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AC Voltage question

John Laninga

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It's hot in Texas. Moved to a new park, had 50A pedestals so I ran all three roof top AC units to cool the rig down. After running a while, the circuit breaker tripped and power was off. I reset the breaker, but noticed the breaker was old and weak. It tripped again after only a few minutes of running. The park changed the breaker, noting that they were all some 7 or 8 years old and this type of failure was not uncommon.


But I decided just to run two AC units anyway. Noticed on my Progressive EMS unit that voltages were strange: L1 had 103V and 15A, L2 117V and 35A. Of course, the EMS tripped and when it reset it went to the same voltages and tripped again. I turned of one AC unit, now running only one and my voltages were L1 107V, L2 was 117V. I turned off all AC at night, since temps dropped way down.


This morning voltages were L1 122V 6A and L2 120V 0V. I powered up a space heater and turned on my electric water heater. Now I'm reading L1 112V 6A and L2 120V 20A.


I'm wondering if maybe the pedestal receptacle (which felt normally tight when plugging in) may be bad? Or any other suggestions? I'm leaving this park in 2 days, temps are dropping so I guess I can live with it but I would like to know what the problem is and maybe help the camp host with a positive suggestion.


Thanks, John

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My neighbor has an external Progressive EMS, mine is builtin. Yesterday, when my system was reading 103V, he was running two AC units and his EMS did not shut down. It is now 8:30AM, and my readings vs. his:


Mine: L1 115V 7A L2 119V 11A

His: L1 116V 14A L2 123V 10A


Thought this might help in determining the problem...

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There are several possible causes and all of them are outside of your RV. It isn't at all uncommon in older RV parks for wiring to be old as well and that could mean a host of possible problems like poor connections at junctions, old power plugs, undersized wire, or a lot of other things. With most of those problems, the difference in voltage between L1 & L2 will typically follow the current load. The higher the current drawn from a leg the lower the voltage will fall, until it reaches the low voltage set point of your EMS and power is interrupted. When the problem is in the outlet due to poor connections there, you and usually tell that because the receptacle will be hot to the touch. Any time a connection or other problem in a circuit causes any significant resistance to current flow, that part will cause a voltage drop and the energy expended there is dissipated as heat. Even in normal circumstances you can experience some of that by using all of our a/c at the same time and feel the RV power cord and it will be warm to the touch, which is normal but it demonstrates the fact that power is lost when current flows through any medium.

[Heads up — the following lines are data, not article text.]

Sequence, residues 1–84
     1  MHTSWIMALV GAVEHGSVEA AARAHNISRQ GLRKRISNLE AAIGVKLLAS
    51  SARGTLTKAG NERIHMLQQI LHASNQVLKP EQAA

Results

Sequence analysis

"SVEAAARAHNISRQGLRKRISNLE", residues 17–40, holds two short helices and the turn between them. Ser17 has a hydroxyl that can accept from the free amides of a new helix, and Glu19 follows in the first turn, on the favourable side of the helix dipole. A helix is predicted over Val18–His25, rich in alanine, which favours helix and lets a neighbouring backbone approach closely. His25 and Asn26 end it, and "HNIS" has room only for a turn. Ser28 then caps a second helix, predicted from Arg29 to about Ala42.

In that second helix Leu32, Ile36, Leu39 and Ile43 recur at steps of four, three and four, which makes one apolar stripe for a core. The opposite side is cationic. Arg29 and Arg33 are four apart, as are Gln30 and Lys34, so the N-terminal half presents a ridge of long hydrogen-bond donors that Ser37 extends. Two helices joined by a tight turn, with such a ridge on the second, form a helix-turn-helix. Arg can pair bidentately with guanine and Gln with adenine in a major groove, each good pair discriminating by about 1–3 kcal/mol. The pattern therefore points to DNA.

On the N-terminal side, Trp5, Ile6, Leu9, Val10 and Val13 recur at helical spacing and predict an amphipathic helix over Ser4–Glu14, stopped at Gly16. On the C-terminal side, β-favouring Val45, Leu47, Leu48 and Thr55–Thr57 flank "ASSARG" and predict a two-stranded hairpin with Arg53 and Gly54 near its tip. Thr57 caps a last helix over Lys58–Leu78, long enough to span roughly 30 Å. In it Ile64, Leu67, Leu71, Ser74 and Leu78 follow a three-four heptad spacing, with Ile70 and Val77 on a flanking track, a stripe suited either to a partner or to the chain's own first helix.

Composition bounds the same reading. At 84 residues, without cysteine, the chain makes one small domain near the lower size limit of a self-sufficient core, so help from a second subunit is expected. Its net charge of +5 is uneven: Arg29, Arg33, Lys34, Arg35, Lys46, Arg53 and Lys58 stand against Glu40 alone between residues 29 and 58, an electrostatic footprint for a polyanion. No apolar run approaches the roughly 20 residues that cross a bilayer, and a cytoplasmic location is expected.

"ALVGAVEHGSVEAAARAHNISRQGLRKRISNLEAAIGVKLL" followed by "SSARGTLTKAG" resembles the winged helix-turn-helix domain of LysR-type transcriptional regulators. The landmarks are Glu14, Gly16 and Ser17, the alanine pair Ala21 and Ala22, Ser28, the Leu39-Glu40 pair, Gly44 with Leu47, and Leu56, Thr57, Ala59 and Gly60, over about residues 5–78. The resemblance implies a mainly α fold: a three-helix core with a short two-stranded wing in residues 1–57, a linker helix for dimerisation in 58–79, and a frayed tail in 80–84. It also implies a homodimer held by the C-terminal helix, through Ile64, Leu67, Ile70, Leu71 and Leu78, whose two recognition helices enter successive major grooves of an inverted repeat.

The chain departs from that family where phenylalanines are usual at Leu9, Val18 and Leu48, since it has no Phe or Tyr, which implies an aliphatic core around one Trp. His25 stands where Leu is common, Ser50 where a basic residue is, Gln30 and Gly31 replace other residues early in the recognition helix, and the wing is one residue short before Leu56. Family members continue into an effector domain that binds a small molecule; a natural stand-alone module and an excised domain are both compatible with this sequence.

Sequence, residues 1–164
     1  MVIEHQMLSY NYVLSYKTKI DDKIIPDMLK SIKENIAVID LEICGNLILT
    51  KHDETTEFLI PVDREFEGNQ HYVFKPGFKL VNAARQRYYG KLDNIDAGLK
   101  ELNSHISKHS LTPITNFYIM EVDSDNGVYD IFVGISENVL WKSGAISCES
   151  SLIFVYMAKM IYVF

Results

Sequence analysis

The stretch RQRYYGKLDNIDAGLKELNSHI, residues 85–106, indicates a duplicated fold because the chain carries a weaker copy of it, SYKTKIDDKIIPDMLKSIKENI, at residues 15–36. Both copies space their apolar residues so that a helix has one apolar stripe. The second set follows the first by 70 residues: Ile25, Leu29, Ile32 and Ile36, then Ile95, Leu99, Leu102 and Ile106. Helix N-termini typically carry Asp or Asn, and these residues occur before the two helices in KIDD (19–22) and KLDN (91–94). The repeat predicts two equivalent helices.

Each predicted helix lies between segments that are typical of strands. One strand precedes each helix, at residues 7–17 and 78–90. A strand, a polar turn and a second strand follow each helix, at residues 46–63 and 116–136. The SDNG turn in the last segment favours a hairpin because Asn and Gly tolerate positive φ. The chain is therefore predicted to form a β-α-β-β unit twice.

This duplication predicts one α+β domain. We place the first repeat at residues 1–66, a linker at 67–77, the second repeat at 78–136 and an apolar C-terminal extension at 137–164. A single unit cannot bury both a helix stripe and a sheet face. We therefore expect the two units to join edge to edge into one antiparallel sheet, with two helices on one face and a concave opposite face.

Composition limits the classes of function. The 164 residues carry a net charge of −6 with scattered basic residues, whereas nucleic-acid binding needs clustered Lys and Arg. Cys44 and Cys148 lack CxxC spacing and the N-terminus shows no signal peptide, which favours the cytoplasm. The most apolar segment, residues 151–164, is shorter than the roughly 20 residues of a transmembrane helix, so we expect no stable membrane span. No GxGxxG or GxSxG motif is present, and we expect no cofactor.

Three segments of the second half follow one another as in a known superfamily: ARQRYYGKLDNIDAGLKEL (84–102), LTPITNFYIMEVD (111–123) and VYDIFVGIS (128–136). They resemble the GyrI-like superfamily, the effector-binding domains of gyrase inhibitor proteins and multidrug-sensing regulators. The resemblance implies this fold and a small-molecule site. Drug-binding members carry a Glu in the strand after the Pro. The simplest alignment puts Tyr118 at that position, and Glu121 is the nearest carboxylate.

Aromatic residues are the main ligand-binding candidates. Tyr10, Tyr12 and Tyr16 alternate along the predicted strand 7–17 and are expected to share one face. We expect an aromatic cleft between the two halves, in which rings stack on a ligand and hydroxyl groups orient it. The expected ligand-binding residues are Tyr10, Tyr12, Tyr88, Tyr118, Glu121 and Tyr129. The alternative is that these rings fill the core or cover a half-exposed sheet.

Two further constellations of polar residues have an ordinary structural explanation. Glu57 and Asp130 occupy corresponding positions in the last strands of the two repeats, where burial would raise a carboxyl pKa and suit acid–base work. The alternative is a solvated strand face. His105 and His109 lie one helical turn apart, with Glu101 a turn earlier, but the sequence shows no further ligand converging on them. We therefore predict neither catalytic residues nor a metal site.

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One of the things that scares me the most about the RV life is plugging in to a campgrounds pedestal...I spent 10 years inspecting meter loops/breaker boxes on poles, residential and commercial units and just about everything in-between...the wiring that we could inspect and turn down for various reasons stopped at the breaker box (main disconnect from our lines)...from that point on was the consumers responsibility...our service area consisted of 10 large rural counties (in Tx) that had hundreds of subdivisions and campgrounds that had no restrictions or inspections of house or campground wiring required...pretty much whatever the "electricians", and I use that term very loosely did was ok with the ones paying the bill. Pretty scary situation but one that was completely out of the electric company's jurisdiction...sooooo, and I know it has been said many times on this forum, but I want to repeat it one more time...GET A METER AND LEARN HOW TO USE IT!!!! It takes very little knowledge about electricity to use it correctly and can save you lots and lots of misery and money down the road...sorry for the rant, I will step off my soapbox now!!!!

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I agree with Kirk on this one. At our large Naval facility where I was an electrical engineer MOST ALL similar (low or different voltages) electrical problems could be traced back to what he mentioned: Loose burned carboned resistive connections and loose burned resistive Neutral connections. Temp changes humidity and use all add up to resistance at various locations causing low voltage at the load and/or different voltages. Its NOT just a circuit breaker were talking about, its the sum of all the wiring connections and splices and worn receptacles etc etc. What you are describing does NOT surprise me one bit. Of course, attaching a volt meter at say the pedestal absent a substantial load dosen't tell you the whole story. Theres no IR voltage drop across a loose resistive connection until theres current flow through it.


John T

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